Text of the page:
Here's an interesting observation. Chile ranks first in the world for deaths from testicular cancer, according to the World Health Organization (WHO) and Chile’s Ministry of Health (see: Highest death rates for testicular cancer found in Chile). Read on, if you are interested, in the following excerpt from the article:
In 2009, 121 Chilean men died from the disease and 63 of those were 15 to 30 years old, the age group most at risk from the disease. In the U.K., however, where the population is three and a half times the size of Chile, there were only 70 deaths from testicular cancer in 2008, according to the Cancer Research U.K.’s figures. “Testicular cancer figures are low in Chile in relation to the other types of cancers found here, but yes, the figures are high in comparison with the rest of the world,” [said a cancer specialist ].....Testicular cancer has a 95 percent cure rate if caught and treated in time. Such treatments have been available in Chile for over two decades. Cancer experts in Chile recognize that the country has an unusually high rate of testicular cancer, but no one is sure why. “Less than 5 percent of cases can be explained by exclusively genetic or hereditary causes,” [according to a Chilean urologist] “Neighboring countries with the same ‘culture’ have much lower reported mortality rates from the disease than in Chile,” [according to a cancer expert]. [Another cancer expert offered]...a different theory altogether. “This is only a theory and I have no evidence to support this but there’s a lot of natural contamination of water in Chile, by various metals especially arsenic, and perhaps this could have something to do with the high numbers of cases,” he said. “Really, though, no one knows for sure.”
Heavy metal exposure as a possible etiology seems to be a stretch for me. It occurred to me, however, that an infectious etiology might be possible. There was not much current work on this idea but I did find one abstract that draws an epidemiological parallel between testicular cancer and Hodgkin's disease among young males (see: (see: Viral etiology of testicular tumors). Here is an excerpt from the abstract from this older article:
Testicular carcinoma and Hodgkin's disease are among the most frequent malignancies afflicting young men in the 15 to 39-year age group. These malignancies share other epidemiological characteristics as well, including multiple histological tumor types, higher rates of occurrence in white, urbanized populations and upper social classes, relative infrequency among black populations, low but definite familial occurrence and an early geographically acquired lifetime risk irrespective of later migration. Both diseases are increasing in this country. This epidemiological similarity suggests exposure to an infectious agent early in life. The Epstein-Barr virus is known to be oncogenic and neonatal exposure with early infection is believed to be associated with Burkitt's lymphoma in African children. High titers of antibodies to the Epstein-Barr virus capsid antigen also have been reported in a series of studies comparing patients with Hodgkin's disease and controls. Because testicular cancer is epidemiologically similar to Hodgkin's disease and, therefore, might be expected to manifest similar Epstein-Barr virus findings, we performed a viral screen (Epstein-Barr virus, cytomegalovirus, and hepatitis A and B viruses) on blood samples from 56 consecutive patients with clinical stage I germ cell tumors of the testis who had received no active therapy after orchiectomy. Our results show a high incidence (80 per cent) of previous exposure to Epstein-Barr virus and support the hypothesis of a possible infectious origin for testicular carcinoma.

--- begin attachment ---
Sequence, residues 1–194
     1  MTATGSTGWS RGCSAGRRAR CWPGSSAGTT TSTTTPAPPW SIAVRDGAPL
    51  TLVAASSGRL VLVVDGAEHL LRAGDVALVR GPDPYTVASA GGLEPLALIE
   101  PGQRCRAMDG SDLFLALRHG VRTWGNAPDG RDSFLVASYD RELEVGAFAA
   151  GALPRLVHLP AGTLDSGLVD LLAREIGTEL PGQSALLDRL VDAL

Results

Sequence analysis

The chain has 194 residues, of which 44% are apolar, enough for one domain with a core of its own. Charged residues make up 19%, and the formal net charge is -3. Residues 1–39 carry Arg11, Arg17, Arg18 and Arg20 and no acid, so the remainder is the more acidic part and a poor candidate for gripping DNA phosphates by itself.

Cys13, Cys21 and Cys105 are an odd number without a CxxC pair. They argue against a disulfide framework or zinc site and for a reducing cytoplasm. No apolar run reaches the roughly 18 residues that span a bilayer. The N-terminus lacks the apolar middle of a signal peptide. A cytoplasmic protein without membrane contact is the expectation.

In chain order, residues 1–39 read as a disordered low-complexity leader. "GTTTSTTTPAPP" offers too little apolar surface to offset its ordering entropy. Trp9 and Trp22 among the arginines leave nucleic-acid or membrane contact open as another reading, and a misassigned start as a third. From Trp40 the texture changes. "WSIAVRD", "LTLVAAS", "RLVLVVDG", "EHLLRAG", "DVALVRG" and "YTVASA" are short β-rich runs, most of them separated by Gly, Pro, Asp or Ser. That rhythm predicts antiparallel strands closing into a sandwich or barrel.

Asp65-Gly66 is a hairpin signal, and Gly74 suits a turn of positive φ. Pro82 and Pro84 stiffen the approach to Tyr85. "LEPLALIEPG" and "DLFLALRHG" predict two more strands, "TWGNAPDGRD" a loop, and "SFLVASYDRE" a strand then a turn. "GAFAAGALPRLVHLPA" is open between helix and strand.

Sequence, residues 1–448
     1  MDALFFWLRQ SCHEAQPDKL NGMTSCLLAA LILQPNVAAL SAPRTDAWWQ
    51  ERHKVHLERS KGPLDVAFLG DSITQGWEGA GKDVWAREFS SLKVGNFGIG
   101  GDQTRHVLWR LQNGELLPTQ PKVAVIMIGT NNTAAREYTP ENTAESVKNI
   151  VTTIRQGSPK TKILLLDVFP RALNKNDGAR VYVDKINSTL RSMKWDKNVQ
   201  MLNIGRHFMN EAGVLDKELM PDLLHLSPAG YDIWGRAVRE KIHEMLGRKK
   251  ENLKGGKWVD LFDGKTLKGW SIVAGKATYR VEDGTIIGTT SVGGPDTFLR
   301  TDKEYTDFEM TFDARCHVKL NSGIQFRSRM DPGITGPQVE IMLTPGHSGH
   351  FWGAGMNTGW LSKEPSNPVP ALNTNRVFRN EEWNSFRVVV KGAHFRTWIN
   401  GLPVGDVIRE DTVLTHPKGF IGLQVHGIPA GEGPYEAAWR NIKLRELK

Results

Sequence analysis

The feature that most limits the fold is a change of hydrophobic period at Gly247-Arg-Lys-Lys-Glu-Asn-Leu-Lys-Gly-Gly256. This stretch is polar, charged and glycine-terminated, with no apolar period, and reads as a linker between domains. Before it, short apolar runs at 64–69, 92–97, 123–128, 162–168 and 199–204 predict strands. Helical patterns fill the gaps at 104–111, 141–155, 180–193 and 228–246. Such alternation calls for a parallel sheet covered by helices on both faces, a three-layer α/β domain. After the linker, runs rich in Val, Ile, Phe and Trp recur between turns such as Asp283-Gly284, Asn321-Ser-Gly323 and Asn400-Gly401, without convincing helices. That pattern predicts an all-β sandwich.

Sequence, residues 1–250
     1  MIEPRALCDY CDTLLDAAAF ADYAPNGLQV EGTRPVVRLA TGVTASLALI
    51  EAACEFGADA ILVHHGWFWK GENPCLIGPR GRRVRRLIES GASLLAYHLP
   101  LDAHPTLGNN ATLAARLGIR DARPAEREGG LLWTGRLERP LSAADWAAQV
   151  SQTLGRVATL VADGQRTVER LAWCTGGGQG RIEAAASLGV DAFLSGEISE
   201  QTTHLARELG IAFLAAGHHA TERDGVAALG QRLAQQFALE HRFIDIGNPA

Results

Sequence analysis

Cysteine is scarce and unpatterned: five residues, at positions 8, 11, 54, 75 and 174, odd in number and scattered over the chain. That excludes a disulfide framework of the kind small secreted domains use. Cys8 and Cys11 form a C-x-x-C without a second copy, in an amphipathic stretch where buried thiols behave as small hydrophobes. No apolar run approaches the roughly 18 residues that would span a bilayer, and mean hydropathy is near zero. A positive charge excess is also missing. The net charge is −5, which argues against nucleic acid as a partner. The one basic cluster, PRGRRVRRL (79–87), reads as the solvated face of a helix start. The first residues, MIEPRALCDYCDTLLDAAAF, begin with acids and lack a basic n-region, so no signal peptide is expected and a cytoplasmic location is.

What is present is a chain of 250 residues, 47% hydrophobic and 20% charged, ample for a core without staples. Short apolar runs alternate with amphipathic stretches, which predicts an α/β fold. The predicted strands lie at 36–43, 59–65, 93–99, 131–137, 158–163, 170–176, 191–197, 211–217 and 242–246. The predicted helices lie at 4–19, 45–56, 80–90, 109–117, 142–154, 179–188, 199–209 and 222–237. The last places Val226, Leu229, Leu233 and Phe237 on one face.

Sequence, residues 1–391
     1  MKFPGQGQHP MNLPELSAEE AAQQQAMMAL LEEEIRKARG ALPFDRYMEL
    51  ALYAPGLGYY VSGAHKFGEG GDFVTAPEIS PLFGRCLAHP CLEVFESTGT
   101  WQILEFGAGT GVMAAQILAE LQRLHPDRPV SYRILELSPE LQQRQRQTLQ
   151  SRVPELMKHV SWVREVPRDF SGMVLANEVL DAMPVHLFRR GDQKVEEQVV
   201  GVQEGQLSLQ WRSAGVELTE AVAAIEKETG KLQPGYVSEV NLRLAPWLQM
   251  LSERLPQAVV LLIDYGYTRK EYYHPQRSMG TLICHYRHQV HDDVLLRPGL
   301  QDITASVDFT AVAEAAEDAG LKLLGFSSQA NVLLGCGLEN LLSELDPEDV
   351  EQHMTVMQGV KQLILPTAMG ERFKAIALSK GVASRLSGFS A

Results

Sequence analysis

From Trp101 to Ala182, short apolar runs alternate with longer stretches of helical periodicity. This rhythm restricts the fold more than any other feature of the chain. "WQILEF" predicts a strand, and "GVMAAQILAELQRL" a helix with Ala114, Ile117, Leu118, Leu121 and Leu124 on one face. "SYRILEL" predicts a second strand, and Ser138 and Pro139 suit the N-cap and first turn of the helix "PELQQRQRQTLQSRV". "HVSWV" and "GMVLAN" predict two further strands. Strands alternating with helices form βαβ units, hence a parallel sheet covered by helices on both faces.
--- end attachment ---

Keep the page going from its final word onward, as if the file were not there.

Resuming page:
The problem with this theory is that it doesn't explain the lower incidence for testicular cancer in culturally similar neighboring countries where the males would presumably be exposed to similar viruses. I suppose there is also the possibility of some sort of anomaly of cancer data collection or diagnosis in Chile.